A: Certainly not! Sadly there is a logical problem in this question, for it is based upon the quotation of 1 Corinthians 12:3:

Therefore I make known to you that no one speaking by the Spirit of God calls Jesus accursed, and no one can say that Jesus is Lord except by the Holy Spirit.

Can you see the problem? It begins with the word “therefore”. When you see the word “therefore” the author is drawing a conclusion, thus the quotation is necessarily taken out of context. In this case, the verse falls within the larger context of 1 Corinthians 11-13 that deals with spiritual gifts, the immediate context looks like this:

Now concerning spiritual gifts, brethren, I do not want you to be ignorant: You know that you were Gentiles, carried away to these dumb idols, however you were led. Therefore I make known to you that no one speaking by the Spirit of God calls Jesus accursed, and no one can say that Jesus is Lord except by the Holy Spirit.

1 Cor. 12:1-3

Again, Paul is addressing Christians who are already followers of Christ, reminding them of their former status as Gentiles in a larger discussion of spiritual gifts that are given to Christians when they begin to follow Jesus, not to pagans who refuse to follow Him. We know from Acts 2:38 within its larger context of Acts 2:14 ff. that we receive the indwelling of the Holy Spirit when we believe the message of salvation acknowledge our faith in Christ and enter into relationship with Him.

If there is a connection between the Philippians 2 passage and the 1 Corinthians 12 passage, it is this: On the great Day of the Lord, every knee will indeed bow voluntarily, and every tongue will voluntarily have to admit that Jesus Christ is Lord! Those who have already done so in faith will be filled with joy and jubilation, and those who refused will be having a very bad day.

Bow and Confess, in my view, proves us with a wonderful opportunity to explore, to toss out ideas, to ask and to answer, and I want to thank John for posting it, for sharing a point of view and giving us a chance to examine the Scriptures together and come to the realization that our God is simply awesome in His love, and to see and recognize that His love is so great, that He allows us the freedom even to reject His grace.

The Great Questions — The Littlest Question

©1982KatherineBrown
©1982KatherineBrown

“How do I LIVE in Christ, right here, right now, day to day?”

THAT, I call “the littlest question”. That is a question of “how?”, not of “Who?” or of “What?”. That is a question of “little me”, not “All Mighty God”, or “The Mighty Counselor”, or “The Messiah”, or “The Savior”. That is a question of right here, right now, not “In Eternity”, “In the Cosmos”, or “From the Beginning of Time”.

As Christian bloggers, as ministers of the gospel, as church people, as teachers/preachers, we spend much of our time dealing with “The Great Questions!” “Who/What is God and His Nature?”, “What is Truth?”, “What is Forgiveness and how Often?”, “How Should the Bride of Christ, The Church, Run?“, and so on. Those are decidedly GOOD questions. They explore our relationship with God as we seek to know Him intimately and thus experience eternal life. Nothing wrong with such questions. I spend much time in them, as do others.

But, once in a while I am reminded of the fundamental simplicity of Christ. Recently I was reminded, by someone INSISTING that I address a single, very simple question. It shames me to confess, their question was so fundamental and so simple, and I spend so much time “in my head” with the great and mighty questions, that for far too long… I couldn’t even HEAR their question properly.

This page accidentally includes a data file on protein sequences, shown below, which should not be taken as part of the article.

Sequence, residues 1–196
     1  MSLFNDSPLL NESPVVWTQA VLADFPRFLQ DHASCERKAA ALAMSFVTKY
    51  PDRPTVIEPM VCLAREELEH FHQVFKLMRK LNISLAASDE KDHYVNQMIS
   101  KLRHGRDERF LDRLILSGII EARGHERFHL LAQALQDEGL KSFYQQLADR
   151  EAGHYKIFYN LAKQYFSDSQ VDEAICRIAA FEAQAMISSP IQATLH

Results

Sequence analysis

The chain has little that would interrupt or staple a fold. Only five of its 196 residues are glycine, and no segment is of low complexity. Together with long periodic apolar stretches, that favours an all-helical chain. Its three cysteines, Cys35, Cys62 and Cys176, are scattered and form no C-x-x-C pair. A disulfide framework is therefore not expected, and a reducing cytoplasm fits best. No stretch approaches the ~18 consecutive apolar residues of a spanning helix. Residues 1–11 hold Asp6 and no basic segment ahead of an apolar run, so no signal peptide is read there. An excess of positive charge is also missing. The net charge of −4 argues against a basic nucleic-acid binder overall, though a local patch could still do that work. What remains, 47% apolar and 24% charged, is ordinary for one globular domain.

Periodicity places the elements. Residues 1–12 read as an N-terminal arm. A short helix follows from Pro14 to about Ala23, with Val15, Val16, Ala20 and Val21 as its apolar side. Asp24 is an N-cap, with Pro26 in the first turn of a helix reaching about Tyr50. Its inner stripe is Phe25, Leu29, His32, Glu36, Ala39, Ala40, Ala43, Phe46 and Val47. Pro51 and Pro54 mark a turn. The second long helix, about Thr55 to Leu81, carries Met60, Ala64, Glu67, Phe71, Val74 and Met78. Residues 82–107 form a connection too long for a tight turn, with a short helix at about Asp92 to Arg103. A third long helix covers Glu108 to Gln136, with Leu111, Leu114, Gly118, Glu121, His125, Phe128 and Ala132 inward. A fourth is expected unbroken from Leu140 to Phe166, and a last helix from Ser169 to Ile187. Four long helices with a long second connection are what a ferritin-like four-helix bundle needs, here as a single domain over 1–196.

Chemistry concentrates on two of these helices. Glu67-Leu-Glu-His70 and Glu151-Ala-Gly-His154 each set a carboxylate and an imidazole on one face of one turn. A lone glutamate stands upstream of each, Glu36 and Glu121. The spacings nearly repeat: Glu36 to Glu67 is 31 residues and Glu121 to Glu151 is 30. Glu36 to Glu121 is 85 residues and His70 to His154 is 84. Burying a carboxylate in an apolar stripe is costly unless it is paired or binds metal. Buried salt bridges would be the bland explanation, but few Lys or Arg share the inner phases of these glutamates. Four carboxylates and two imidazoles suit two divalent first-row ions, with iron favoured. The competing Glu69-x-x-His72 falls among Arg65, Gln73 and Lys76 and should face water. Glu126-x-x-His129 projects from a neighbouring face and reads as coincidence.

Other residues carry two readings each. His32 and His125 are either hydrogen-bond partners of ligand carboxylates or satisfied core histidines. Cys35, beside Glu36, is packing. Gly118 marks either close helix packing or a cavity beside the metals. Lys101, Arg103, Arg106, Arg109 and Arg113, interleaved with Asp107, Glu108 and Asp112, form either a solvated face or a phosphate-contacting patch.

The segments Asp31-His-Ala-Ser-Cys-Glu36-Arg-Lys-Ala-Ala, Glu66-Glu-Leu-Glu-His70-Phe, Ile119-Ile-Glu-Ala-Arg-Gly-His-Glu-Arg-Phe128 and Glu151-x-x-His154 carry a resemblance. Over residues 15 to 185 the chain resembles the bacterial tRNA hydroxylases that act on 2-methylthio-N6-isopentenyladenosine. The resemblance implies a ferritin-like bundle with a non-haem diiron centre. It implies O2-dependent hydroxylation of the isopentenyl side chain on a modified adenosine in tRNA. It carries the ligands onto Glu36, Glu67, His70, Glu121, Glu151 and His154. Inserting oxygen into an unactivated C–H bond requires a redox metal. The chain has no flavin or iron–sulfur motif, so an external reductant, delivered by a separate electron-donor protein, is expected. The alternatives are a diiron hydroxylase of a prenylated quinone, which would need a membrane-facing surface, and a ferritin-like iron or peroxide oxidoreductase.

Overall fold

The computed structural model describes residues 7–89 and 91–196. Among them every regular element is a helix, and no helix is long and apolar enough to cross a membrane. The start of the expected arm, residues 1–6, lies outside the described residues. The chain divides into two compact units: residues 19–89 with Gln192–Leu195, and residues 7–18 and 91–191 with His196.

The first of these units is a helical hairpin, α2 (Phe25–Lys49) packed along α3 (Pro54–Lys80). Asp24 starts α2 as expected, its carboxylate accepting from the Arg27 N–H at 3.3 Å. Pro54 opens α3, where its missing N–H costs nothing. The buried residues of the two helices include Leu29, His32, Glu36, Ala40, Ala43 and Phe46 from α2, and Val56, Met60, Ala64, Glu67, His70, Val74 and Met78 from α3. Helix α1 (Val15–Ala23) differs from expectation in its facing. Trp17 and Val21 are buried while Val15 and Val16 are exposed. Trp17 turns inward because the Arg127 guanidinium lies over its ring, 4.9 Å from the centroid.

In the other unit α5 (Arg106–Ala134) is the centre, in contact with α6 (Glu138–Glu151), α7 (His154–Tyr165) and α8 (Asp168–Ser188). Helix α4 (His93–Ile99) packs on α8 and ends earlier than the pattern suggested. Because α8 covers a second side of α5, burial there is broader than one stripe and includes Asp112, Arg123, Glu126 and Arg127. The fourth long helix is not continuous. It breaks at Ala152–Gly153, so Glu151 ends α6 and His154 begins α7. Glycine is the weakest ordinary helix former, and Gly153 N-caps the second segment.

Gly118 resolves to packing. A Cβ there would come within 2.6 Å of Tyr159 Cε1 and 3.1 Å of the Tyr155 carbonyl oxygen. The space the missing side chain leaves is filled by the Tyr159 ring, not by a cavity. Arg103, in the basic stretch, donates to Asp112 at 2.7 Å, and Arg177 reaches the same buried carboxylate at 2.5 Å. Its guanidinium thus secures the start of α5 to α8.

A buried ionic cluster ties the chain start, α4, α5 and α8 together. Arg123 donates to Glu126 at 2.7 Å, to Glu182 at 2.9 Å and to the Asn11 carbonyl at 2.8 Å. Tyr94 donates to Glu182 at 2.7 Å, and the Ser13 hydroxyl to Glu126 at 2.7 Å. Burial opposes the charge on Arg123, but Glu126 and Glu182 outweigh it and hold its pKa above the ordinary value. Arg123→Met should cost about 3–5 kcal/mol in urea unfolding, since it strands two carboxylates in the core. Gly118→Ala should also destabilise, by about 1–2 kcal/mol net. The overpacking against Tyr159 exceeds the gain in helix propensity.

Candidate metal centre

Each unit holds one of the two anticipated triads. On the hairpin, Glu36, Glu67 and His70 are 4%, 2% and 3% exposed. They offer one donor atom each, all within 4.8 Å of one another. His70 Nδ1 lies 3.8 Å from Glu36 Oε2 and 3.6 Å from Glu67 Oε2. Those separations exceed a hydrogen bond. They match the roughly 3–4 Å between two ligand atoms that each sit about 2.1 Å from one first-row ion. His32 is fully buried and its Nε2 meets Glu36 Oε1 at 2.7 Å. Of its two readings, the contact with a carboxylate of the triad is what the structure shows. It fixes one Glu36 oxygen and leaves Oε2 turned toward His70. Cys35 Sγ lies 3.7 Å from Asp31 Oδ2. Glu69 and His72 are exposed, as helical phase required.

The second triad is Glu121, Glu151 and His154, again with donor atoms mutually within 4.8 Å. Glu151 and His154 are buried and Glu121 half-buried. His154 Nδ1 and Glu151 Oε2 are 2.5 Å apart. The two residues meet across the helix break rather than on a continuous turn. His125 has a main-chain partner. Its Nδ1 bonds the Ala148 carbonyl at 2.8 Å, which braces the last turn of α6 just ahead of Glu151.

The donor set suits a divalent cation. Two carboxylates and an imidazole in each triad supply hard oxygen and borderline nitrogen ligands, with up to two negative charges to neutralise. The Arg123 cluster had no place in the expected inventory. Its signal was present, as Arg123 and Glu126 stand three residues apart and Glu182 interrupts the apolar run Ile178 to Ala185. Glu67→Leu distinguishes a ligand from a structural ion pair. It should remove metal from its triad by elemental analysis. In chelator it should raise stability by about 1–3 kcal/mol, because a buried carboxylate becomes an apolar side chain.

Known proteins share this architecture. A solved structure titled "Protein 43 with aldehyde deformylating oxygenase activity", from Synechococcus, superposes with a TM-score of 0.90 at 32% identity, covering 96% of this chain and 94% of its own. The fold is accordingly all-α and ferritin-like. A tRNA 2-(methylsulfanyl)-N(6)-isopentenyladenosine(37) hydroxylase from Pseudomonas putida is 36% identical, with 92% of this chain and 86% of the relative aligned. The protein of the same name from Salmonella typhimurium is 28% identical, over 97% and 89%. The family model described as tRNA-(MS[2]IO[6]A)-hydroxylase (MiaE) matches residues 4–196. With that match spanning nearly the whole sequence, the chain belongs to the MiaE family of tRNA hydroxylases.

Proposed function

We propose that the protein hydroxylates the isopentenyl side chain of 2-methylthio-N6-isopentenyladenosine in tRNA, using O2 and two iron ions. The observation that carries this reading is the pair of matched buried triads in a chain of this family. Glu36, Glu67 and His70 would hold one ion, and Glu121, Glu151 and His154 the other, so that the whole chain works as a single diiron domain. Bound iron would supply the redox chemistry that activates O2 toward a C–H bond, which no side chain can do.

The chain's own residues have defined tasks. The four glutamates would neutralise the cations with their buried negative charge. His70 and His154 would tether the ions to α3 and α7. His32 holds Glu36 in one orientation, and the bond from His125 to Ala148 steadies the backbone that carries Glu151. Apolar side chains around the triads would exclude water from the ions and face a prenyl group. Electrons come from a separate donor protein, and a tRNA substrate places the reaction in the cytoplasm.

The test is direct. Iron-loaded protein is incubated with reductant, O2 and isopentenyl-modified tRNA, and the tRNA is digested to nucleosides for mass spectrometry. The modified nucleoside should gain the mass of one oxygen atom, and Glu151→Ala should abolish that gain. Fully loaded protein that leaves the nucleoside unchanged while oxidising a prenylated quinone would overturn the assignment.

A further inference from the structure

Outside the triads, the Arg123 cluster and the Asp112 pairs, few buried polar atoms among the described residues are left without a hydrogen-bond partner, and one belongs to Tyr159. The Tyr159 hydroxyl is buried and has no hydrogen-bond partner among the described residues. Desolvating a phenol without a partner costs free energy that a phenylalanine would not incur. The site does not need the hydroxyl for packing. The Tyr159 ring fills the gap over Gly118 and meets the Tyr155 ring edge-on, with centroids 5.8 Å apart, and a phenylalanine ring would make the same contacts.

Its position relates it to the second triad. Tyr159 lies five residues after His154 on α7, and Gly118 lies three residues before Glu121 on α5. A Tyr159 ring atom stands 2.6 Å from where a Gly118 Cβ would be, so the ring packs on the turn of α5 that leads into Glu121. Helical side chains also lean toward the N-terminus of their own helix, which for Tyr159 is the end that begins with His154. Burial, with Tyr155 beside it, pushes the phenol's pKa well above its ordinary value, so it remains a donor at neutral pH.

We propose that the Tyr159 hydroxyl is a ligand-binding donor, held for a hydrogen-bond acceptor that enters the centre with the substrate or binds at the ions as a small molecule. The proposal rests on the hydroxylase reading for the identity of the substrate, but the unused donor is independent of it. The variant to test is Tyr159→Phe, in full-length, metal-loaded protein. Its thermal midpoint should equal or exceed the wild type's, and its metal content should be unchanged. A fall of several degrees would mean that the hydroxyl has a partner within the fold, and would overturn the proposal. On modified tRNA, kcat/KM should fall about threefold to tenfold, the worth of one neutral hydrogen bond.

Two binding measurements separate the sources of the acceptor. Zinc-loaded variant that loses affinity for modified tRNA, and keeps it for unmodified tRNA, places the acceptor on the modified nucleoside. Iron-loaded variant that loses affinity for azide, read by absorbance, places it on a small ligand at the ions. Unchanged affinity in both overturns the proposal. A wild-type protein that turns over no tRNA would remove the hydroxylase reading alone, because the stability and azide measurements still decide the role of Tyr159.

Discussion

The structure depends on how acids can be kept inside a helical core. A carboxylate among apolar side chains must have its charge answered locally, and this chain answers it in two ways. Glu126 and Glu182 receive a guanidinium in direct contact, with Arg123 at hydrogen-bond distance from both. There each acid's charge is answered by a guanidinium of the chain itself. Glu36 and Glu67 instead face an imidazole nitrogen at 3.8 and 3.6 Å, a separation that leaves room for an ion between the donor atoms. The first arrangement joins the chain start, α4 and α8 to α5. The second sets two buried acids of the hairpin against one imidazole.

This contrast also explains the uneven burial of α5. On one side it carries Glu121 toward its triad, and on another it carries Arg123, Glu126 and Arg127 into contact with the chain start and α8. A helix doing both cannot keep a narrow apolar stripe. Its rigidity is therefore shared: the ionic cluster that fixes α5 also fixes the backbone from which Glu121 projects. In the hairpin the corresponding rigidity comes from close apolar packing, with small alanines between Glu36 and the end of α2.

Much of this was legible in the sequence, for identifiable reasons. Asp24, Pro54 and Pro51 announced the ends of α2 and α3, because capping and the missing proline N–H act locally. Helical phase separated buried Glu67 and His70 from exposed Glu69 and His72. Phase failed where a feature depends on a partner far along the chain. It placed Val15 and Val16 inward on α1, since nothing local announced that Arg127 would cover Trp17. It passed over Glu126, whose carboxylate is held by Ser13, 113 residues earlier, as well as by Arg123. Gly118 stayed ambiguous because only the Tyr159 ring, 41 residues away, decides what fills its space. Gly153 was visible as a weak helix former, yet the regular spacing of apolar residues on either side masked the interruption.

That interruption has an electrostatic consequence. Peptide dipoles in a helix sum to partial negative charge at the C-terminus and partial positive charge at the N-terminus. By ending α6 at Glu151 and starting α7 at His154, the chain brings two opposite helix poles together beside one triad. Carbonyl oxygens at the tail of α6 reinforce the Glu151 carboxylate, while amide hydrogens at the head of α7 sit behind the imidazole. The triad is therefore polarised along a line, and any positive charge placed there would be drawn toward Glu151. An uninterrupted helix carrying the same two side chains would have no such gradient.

What was the question?

“HOW… in practical terms… How am I supposed to LIVE, as a Christian?”

Every time I answered, the person shook their head and said, “I HEAR that, but I don’t know how to DO that! I hear that from you, I see that in Scripture, I hear that in Church… but when it comes right down to it, I don’t know what that all MEANS outside of church, prayer and religion. HOW do I DO that?”

I realized that THEY were not the one “not getting it”. THEY weren’t “dense”. *I* was. *I* wasn’t getting it, *I* was being slow on the uptake. I didn’t know why communication wasn’t happening, so I backed up a moment to take my confusion to Jesus, and He showed me the problem. It made me blush then, and it makes me blush now.

I kept giving them “Great Question” answers. You know… “Love God with all your…”, “Love as Jesus loves…”, “Forgive always…” so on and so on. I kept answering the “What?”‘s of Christian living. They weren’t ASKING me about “What?” or “Why?” or “Who?”… they got all that. They knew all that. They were asking “HOW?”, and I was utterly failing to respond. What’s more, truthfully, I didn’t KNOW. I hadn’t “thought about it”. It all seems so complicated… “How do you live a perfect (as Jesus commanded at the end of Sermon on the Mount) Christian life?” So many rules. So many opinions. So many interpretations. So many traditions. What was I to say?

So, as I stopped my speaking, closed my eyes, backed up… and “punted”… I prayed, then shut up and listened. “Lord? What’s wrong here? Why are we not connecting? I’m missing something critical here.”

And, at first, all I could hear was Jesus’ laughter. Rather like we laugh when watching a kitten tie themselves up in a big ball of yarn. Not “making fun” so much as “recognizing the absurdity of the moment”. His laughter calmed me in the sense that I knew I wasn’t “misleading” or “speaking less than Truth” here, but I remained confused for the moment.